My husband was killed 899 days ago. The whole sorted ordeal has been an intensely devastating life altering experience for me. There is never a day where I'm not heavily burdened with grief and I continually fight depression. I have felt completely lost without my soulmate. I don't know how this book came to me, but I suspect through God and my sweet angels, my son and my husband. I know it was providence at its sweetest, sent here to preform a rescue. I took well over a year to read this tenderl My husband was killed 899 days ago. The whole sorted ordeal has been an intensely devastating life altering experience for me. There is never a day where I'm not heavily burdened with grief and I continually fight depression. I have felt completely lost without my soulmate. I don't know how this book came to me, but I suspect through God and my sweet angels, my son and my husband. I know it was providence at its sweetest, sent here to preform a rescue. I took well over a year to read this tenderly written publication. I methodically poured over each page several times. The book is well written, beautifully told, draws thought on the heart and the mind, and provokes healing to the most sorrow filled soul. Grief can be an all out stubborn self consuming weight to bear. Continually packing it breaks you down. This book lightens and lifts. I recommend it to anyone suffering with loss.

  15. 5 out of 5

    Kim DeGiulio Goecke

    A very good friend gave me this book while I was dealing with my husband having just left us and this book gave me so much comfort. It showed me that though my loss is different, it is a loss nonetheless and everything I am/was going through was ok. I have already recommended this book to other friends I know could benefit from it.

  16. 5 out of 5

    Shanti Mathew

    This is the most profound, honest, raw, and hopeful book I've ever read on loss and grief (and I have read it over and over). Gary Sittser puts word to emotions that I didn't know how to talk about. This man has chosen to share his story with us-- it's a precious gift. This is the most profound, honest, raw, and hopeful book I've ever read on loss and grief (and I have read it over and over). Gary Sittser puts word to emotions that I didn't know how to talk about. This man has chosen to share his story with us-- it's a precious gift.

  17. 4 out of 5

    Allie

    I almost never finish nonfiction. After a devastating loss, I found myself drawn to any book that deals with grief and layers it with Jesus. Not a “how to” book by any means; it helps you remember you are not alone in your pain and Jesus is with you.

  18. 4 out of 5

    Joanne Heim

    Great book offering a new perspective on loss. Helpful and wise. Dr. Sittser was one of my professors in college.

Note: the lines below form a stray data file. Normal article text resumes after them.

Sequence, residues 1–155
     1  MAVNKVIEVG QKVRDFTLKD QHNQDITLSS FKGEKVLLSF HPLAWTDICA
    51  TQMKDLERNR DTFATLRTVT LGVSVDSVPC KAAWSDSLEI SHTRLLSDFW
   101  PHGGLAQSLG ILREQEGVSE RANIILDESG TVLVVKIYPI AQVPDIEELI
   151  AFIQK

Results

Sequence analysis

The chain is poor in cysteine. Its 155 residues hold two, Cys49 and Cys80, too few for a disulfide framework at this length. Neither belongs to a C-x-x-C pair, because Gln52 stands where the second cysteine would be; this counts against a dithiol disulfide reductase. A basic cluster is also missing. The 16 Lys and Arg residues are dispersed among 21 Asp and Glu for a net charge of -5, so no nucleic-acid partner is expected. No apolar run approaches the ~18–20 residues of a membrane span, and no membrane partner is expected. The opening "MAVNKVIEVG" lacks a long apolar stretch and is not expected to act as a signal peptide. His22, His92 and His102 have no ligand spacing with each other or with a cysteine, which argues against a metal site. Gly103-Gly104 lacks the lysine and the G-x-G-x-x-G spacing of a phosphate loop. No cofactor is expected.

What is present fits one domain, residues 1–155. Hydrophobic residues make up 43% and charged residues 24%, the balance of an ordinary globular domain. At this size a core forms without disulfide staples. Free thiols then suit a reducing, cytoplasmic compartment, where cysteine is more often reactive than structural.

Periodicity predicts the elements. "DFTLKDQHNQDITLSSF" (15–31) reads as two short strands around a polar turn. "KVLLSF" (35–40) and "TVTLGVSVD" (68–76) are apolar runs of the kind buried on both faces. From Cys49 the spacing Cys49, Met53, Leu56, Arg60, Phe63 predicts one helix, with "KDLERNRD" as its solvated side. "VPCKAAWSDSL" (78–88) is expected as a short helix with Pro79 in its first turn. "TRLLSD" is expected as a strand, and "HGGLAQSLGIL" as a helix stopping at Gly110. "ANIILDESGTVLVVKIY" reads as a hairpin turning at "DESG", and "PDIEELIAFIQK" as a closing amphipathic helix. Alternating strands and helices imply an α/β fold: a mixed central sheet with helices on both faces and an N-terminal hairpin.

19. 4 out of 5

    Linda

    This is THE best book on grief. I've read it quite a few times. It is extremely honest about the struggle that a person of deep faith has when tragedy strikes. This is THE best book on grief. I've read it quite a few times. It is extremely honest about the struggle that a person of deep faith has when tragedy strikes.

  20. 4 out of 5

    Aimee

    A must-read for anyone facing significant loss or grief, or accompanying anyone facing these realities. In all actuality, this includes everyone because suffering, loss, and death touches us all. Jerry Stittser helped me acknowledge how my own pain and grief can be a conduit of grace if I stop holding my despair instead of handing it over to God who doesn’t cause suffering but can transform it into love and goodness in mysterious ways. I have a feeling I will be rereading this book throughout my A must-read for anyone facing significant loss or grief, or accompanying anyone facing these realities. In all actuality, this includes everyone because suffering, loss, and death touches us all. Jerry Stittser helped me acknowledge how my own pain and grief can be a conduit of grace if I stop holding my despair instead of handing it over to God who doesn’t cause suffering but can transform it into love and goodness in mysterious ways. I have a feeling I will be rereading this book throughout my life.

  21. 5 out of 5

    Paul Pompa

    This is a very special book. Sittser shares how his faith strengthened through great tragedy. He applies a biblical worldview to these tremendous tragedies, and then applies those lessons to suffering in general. His openness, his honesty, is refreshing and powerful. The books of Job and Joseph, as Sittser says, parallel to some degree his story. I have read many books on the topic of suffering from a Christian worldview, but this one is unique.